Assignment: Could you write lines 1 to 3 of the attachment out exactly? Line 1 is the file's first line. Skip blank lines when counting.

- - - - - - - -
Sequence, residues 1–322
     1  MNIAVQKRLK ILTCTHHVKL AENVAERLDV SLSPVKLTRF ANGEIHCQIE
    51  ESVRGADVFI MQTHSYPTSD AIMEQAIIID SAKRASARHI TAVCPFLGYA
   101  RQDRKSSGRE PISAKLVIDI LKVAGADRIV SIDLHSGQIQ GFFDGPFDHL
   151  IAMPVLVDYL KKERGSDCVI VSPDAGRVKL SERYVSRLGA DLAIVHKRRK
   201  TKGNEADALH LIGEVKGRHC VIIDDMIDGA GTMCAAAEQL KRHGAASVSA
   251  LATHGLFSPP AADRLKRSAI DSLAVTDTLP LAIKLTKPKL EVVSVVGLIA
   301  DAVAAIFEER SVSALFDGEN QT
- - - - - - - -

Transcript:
Sequence, residues 1–322
     1  MNIAVQKRLK ILTCTHHVKL AENVAERLDV SLSPVKLTRF ANGEIHCQIE
    51  ESVRGADVFI MQTHSYPTSD AIMEQAIIID SAKRASARHI TAVCPFLGYA